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Six “Guitar Lessons” I Learned from Puppy Training


Got a new puppy several months ago…

His name’s Marco Polo.

The first day we noticed how much he liked to explore… and also we happened to be watching a TV series on Netflix about Marco Polo.

The name seemed to fit.

I know from experience how important it is to train a new puppy.

So I signed Marco Polo up for puppy training classes right away.

The first thing that really struck me in the first few classes was that it’s not so much about training the dog…

It’s much more about training the owner 🙂

The instructor is teaching the owner skills… These skills are to encourage and support the puppy to behave in ways that makes for a happy relationship.

Confession time… Going a bit slow. But we’re making progress.

He’s a sweet little guy… it’s hard to be mad at him when he gives you those “puppy eyes”.

Even when he chews through the power cable to my video lights 🙁

So why am I telling you about Marco Polo…

The whole process has a lot in common with learning to play guitar.

Yes… I believe I’m a better guitar teacher for having gone to puppy training.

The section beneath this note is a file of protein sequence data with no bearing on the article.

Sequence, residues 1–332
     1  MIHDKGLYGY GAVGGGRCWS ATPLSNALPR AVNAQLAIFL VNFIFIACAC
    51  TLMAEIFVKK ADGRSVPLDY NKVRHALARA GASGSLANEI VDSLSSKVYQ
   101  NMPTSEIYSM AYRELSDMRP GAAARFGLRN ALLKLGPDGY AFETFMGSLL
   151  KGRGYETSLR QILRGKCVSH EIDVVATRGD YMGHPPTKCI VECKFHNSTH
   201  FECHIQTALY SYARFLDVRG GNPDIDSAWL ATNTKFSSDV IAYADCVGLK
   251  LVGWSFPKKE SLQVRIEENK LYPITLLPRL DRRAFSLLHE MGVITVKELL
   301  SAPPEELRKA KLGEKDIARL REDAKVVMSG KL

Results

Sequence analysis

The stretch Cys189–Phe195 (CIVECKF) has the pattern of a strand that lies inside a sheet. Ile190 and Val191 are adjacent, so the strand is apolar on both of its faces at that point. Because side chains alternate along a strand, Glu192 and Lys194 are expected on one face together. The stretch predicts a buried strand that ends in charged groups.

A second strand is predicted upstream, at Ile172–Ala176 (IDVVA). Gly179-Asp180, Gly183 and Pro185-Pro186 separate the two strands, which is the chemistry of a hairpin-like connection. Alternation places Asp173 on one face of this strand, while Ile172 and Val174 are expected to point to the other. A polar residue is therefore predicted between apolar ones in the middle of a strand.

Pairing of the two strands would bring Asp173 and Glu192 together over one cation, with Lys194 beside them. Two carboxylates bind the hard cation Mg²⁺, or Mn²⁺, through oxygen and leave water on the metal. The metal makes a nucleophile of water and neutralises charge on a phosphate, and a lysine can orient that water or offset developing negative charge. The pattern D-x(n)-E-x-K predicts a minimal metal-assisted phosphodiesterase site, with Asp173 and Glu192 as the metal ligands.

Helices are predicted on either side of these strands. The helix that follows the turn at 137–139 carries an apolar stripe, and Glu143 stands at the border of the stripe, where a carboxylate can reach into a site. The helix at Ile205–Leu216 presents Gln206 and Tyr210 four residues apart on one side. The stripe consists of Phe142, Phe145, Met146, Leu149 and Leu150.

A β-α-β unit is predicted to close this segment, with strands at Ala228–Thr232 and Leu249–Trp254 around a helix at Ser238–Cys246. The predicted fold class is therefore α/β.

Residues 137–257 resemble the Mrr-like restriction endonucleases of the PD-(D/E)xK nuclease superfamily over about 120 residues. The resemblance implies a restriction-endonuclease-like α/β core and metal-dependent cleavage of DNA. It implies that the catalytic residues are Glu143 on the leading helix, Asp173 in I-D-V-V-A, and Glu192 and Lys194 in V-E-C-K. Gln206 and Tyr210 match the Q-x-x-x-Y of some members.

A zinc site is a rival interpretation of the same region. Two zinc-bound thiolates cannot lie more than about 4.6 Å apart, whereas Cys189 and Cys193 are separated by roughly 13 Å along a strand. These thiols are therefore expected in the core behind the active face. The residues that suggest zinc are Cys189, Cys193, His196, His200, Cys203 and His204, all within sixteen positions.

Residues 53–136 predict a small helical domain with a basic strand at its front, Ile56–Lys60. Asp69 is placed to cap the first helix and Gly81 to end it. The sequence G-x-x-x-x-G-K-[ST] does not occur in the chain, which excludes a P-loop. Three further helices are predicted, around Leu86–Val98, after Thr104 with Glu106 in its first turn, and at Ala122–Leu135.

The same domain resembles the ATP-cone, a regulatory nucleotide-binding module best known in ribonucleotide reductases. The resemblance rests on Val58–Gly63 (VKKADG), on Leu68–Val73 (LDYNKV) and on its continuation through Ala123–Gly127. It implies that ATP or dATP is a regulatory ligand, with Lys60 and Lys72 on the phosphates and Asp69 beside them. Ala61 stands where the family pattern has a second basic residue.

Now there’s a thought!

I want to share some of the lessons I’ve learned going through this process. Of course some of the most powerful lessons are reminders of things I already knew.

But training Marco really opened my eyes… and my heart.

Here are six “puppy training” lessons that will help you to be a better guitar student, and therefore better guitar player…


Praise Works Better Than Criticism

PUPPY TRAINING: I found it more natural than I wanted to believe to scold Marco when he didn’t do what I wanted… especially at first when it look kinda hopeless. Of course I was getting frustrated, and felt more than a little helpless. It showed in the way I expressed myself to him.

As time went on I changed my approach to him. I praised even the little successes much more often (and gave him treats). Instead of scolding I ignored unwanted behaviors, unless it was dangerous like running in the street.

I found Marco looked forward to his walks and training sessions (might be the treats). He also seemed to, little by little, want to do what I considered good behavior. All in all the training became more fun for both of us. 

GUITAR LESSON: It’s important for guitar teachers to look for opportunities to recognize small successes. But even more important is for students (and I include myself in this) to watch their mental self talk.